Just before 8 PM last night, my wife and I were returning to our car after dinner. We were parked in a lower-level, covered parking area, and I thought I heard something odd. "Do you hear something, like either a dog whimpering or maybe a baby crying?" I asked. She'd heard it too.
We waited a moment, then heard it again. We decided to walk around the parking garage to see if we could spot the origin of the odd, muffled howling.
It only took a minute or two before we came across the source: a beautiful pup in the back of a car with the windows completely sealed up. Other than the occasional howling, she didn't bark at all. Her breathing seemed okay at the time, although she had some spittle on her chin that showed she'd been panting.
Seeing the memes on Facebook all summer long warning about the dangers of leaving dogs in parked cars, even for a few minutes, I would have thought I'd just smash the window. But, when real life faces you with these questions, you give the authorities a chance to do right first.
I called 911 at 8:01 PM. Seven minutes later an officer arrived. Not an actual police officer, but a community service officer in a car labeled "Volunteers in Policing." A very nice man, and concerned about the dog, he first checked all the doors to see if any would open. Shining his flashlight in the car we looked for a bowl of water or anything to identify the owner. He then radioed in the license number of the car. We learned what town he was from, and that his record was clean, but still had no way of contacting him.
He radioed in again, asking for assistance and guidance. At what point are we legally allowed, or even obligated to break in? No "real" police were available at the moment, as there was a burglary alarm going on a few blocks away, there were reports of gun shots (probably fireworks from a nearby fundraiser), and a group of teens had taken over a vacant mansion and were tweeting out about the party of the century in the next suburban enclave two miles away.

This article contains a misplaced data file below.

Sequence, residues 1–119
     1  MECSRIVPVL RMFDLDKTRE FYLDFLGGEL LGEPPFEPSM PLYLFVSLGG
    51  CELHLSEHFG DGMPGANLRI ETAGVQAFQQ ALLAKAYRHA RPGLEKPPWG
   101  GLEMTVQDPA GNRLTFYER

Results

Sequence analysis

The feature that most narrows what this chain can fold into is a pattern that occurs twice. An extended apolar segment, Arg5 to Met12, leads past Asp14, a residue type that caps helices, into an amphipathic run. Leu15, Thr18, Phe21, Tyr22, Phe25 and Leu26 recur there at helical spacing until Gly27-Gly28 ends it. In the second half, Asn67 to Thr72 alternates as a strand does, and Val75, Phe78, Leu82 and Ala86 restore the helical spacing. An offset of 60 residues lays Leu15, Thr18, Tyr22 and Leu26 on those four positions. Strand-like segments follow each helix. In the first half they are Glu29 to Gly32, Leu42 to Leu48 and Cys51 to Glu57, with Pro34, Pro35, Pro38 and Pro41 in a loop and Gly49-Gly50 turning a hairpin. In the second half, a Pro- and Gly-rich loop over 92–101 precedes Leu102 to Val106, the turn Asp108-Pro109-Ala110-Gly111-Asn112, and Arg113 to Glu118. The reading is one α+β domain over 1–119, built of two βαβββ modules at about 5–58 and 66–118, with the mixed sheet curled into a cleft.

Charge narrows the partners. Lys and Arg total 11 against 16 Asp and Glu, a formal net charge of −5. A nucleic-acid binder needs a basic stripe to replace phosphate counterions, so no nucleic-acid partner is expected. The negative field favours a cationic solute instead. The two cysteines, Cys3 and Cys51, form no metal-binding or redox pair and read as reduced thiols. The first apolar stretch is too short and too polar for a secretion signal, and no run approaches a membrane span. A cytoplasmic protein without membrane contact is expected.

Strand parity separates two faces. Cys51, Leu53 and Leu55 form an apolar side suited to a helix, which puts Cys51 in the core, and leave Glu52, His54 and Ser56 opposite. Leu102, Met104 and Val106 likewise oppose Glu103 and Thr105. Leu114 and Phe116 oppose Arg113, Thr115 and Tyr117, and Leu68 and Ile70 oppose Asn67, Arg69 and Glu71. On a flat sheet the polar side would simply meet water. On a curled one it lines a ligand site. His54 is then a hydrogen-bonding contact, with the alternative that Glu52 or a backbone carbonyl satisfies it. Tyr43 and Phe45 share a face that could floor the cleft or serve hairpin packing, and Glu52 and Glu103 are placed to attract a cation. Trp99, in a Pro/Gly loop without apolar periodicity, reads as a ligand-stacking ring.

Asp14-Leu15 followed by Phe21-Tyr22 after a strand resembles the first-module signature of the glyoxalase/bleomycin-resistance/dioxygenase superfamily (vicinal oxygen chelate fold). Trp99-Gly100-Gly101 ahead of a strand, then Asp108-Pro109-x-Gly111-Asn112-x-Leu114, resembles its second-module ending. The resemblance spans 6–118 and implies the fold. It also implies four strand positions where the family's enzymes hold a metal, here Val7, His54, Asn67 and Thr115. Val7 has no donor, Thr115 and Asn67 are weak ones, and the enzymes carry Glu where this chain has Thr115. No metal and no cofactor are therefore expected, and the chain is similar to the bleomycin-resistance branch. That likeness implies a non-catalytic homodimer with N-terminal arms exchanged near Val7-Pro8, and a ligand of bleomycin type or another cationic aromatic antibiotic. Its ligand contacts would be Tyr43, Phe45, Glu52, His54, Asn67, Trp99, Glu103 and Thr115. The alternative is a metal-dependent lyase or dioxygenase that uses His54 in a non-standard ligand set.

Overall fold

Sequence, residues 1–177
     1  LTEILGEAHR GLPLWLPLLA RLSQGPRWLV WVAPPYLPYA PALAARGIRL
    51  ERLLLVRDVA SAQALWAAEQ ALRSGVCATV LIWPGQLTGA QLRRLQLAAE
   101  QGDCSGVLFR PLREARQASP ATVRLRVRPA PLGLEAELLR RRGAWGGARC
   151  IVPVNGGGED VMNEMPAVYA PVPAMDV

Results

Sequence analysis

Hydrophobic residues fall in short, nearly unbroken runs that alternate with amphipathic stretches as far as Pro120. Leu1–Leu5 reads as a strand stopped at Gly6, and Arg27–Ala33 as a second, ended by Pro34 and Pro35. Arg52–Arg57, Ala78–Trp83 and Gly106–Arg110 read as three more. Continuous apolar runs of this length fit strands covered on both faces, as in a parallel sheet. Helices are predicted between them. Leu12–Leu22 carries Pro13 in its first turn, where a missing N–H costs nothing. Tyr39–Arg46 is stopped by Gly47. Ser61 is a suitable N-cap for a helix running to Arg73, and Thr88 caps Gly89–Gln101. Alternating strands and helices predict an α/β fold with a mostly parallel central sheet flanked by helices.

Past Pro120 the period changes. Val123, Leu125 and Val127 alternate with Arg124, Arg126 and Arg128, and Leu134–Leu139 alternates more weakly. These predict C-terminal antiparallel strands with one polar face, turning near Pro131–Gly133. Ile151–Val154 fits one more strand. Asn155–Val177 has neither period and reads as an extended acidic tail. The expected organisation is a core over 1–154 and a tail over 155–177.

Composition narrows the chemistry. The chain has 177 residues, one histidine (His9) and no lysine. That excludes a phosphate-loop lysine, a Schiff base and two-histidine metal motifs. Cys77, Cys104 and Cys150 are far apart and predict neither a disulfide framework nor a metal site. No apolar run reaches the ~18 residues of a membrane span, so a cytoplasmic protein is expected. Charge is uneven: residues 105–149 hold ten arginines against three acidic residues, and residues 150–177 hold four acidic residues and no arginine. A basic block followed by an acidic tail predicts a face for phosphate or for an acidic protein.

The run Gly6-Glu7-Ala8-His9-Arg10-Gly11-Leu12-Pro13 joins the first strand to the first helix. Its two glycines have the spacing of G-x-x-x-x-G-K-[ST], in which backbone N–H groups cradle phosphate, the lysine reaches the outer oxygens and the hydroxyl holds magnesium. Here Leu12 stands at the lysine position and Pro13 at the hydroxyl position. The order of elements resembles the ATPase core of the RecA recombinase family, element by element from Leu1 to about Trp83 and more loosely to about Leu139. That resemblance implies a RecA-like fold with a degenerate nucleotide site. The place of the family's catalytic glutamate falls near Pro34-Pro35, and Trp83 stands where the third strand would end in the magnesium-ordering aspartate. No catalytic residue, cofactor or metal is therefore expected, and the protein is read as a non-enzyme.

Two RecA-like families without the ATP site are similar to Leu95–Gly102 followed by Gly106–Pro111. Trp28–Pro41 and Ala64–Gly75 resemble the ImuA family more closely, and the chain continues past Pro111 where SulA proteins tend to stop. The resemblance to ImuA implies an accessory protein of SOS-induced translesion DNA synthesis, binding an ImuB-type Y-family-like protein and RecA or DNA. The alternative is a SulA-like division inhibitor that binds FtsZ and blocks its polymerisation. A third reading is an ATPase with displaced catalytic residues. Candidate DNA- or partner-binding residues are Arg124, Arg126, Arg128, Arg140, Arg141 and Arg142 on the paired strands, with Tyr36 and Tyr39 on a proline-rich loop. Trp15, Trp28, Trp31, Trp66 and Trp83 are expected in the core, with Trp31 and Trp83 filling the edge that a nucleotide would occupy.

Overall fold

Around 8:20, my wife got animal control from the nearby major city on the line. They had somebody in the area for another call, and would be at our location as soon as possible.
While waiting I see that the pup's breathing is getting more strained and that she's drooling a little more. I informed the officer that if she faints or closes her eyes, I'll be breaking into the car. I say, "You can arrest me if you need to, but please let me save the dog first." He nods.
I think about going out to the street to look for a rock, then realize that the handle from my car jack will do nicely. I can use my t-shirt from my gym bag to wrap my hand and forearm to protect myself from broken glass. Forget waiting for the dog to pass out, I give myself a deadline of 9 PM.
Animal Control arrived at about 8:35. He has a thermometer that measures the temperature in the car at 89 degrees. He says that's "not that bad." He had an incident earlier that day where it was 115. I'm not convinced that 89 is "not that bad."
The pup has moved closer to the window, so he's now able to get the owners phone number off of her tags. He radios in to his dispatcher who places the call. We get notified a minute or two later that he's on his way.
8:56, the owner and his (girlfriend? wife?) finally arrive. He stands like an idiot for another minute while the Animal Control officer lectures him before finally opening the door. The puppy is happy to see him, but is looking to see where we've gone off to.
As the Animal Control lecture continues ("I could write you a ticket for $250...") we quietly thank the first Community Service officer and go back to our car, not to get a jack handle to break windows, but to drive home and try to rest.
I'm glad the dog will be okay, but don't trust that this idiot will not lock her up in the car without air or water again. I'm glad I didn't end the night in jail, tweeting out "Who's got bail money?" but frustrated that it took an hour to get a suffering pup rescued.
What will I do if this happens again? Will I break the window next time?